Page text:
Thanks to our coaches on those trips too, Keith Bringloe and Ray Teece respectively. We wouldn’t have brought anything back without you.
What are your targets/ambitions for this season?
I don’t have a lot of goals for this season as I have cut back on tournament bowling and bowling in general to concentrate on finishing my degree. I’m not taking a break or anything, just being much more selective in what I play. I’m planning on bowling the European bowling tour “summer swing” in July again, so I’ll start to get myself ready for those events closer to the time.
What will your preparation for the summer swing involve?
I won’t have worked on anything major during the time between now and the summer, but all of the little changes I’m currently working on will be fully incorporated into my game by then. I will only have a few weeks from my exams finishing to the first tournament in Madrid starting, so in those few weeks I’ll be just be getting my head in the right place by assuring myself that I can actually bowl! Quite a major factor in my head being in the right place will be how well my summer exams go, so I need to make sure that they go well so I’m not worrying about them (as if them being my final exams wasn’t a good enough reason to prepare well for them)! I’ll practice playing different parts of the lane and do some sparing exercises every session.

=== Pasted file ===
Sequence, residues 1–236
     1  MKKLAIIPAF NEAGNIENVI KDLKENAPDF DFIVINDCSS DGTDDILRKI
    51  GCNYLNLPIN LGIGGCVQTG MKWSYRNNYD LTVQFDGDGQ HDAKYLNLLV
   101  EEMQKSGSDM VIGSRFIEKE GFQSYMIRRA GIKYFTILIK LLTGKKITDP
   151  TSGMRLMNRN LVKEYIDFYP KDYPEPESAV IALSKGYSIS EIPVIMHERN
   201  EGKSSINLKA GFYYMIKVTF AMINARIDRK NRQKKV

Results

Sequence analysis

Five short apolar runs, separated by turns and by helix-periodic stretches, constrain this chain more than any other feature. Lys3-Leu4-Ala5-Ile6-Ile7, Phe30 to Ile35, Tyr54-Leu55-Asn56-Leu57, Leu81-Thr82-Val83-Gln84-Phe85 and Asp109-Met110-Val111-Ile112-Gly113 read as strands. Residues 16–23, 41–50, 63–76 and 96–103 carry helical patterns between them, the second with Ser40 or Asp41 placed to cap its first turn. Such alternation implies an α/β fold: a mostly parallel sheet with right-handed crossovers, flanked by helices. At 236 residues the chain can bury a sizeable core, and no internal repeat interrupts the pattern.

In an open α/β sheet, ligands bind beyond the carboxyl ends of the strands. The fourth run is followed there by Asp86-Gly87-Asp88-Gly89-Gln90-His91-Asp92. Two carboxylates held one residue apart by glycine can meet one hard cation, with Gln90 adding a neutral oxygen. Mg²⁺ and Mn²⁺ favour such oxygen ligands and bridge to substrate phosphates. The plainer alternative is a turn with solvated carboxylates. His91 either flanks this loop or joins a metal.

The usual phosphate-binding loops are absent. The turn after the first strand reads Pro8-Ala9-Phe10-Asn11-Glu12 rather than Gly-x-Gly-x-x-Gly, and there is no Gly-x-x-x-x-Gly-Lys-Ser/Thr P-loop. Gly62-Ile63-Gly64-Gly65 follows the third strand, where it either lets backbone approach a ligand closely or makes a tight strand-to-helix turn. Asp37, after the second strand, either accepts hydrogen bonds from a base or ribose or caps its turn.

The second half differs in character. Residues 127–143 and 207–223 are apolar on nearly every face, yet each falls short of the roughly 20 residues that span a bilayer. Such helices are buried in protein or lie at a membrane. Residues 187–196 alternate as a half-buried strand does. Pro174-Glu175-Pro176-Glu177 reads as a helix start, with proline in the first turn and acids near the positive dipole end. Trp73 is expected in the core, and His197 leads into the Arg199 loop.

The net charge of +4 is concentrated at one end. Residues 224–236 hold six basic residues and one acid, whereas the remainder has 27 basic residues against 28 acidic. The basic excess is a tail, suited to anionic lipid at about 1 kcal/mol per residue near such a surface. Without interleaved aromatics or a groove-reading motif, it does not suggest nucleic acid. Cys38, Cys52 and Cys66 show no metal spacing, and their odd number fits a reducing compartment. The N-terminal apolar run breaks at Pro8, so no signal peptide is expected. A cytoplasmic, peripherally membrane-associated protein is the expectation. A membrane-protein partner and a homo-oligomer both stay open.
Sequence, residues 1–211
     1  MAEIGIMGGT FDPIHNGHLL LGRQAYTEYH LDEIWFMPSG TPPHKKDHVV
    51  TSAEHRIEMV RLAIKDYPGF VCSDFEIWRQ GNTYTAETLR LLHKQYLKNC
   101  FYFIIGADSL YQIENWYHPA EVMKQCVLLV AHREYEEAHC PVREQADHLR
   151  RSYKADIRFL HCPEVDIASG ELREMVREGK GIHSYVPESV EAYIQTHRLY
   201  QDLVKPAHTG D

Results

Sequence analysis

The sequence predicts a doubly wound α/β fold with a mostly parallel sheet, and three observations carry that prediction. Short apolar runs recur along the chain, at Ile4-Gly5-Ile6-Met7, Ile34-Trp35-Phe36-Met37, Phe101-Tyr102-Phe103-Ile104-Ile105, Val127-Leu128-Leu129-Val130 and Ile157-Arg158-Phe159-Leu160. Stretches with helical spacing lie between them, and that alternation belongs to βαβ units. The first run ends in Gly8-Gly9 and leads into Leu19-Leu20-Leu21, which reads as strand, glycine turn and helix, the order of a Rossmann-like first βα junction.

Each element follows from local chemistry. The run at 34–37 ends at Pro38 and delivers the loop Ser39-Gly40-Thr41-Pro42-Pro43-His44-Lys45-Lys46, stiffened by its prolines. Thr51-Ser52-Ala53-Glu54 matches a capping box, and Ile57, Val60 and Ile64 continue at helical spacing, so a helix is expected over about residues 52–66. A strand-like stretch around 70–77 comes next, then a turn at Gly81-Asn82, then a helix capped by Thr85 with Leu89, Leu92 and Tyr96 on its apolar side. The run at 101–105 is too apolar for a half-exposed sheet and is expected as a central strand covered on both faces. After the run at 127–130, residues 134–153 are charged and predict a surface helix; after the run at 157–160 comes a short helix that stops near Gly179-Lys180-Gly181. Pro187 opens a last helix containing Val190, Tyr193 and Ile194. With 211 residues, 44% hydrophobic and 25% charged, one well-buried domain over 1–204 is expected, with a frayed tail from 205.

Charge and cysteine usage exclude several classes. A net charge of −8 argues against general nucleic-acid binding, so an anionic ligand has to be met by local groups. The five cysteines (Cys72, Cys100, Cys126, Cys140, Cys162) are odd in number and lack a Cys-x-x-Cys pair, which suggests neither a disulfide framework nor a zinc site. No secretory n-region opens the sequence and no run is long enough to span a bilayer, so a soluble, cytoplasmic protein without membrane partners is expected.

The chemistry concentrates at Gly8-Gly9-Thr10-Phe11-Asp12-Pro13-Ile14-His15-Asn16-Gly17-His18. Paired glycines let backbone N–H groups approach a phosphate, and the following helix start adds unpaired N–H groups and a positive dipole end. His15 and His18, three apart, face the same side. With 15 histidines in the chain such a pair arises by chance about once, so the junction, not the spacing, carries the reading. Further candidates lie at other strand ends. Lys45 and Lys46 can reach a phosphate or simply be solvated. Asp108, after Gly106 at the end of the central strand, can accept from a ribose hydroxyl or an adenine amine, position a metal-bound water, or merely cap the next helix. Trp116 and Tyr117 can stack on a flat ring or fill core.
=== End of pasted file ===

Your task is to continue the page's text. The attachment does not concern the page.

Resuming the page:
What kit is in your bag at the moment?
Largely Roto Grip stuff. Most notably I’ve had a lot of success with the Hectic and Menace (so both ends of the spectrum!)
What one piece of advice would you give to our new tour members?
Get involved and have fun. Some of the best tournaments I have ever bowled have been on the BUTBA tour. Don’t be shy and enjoy the game with a great bunch of people!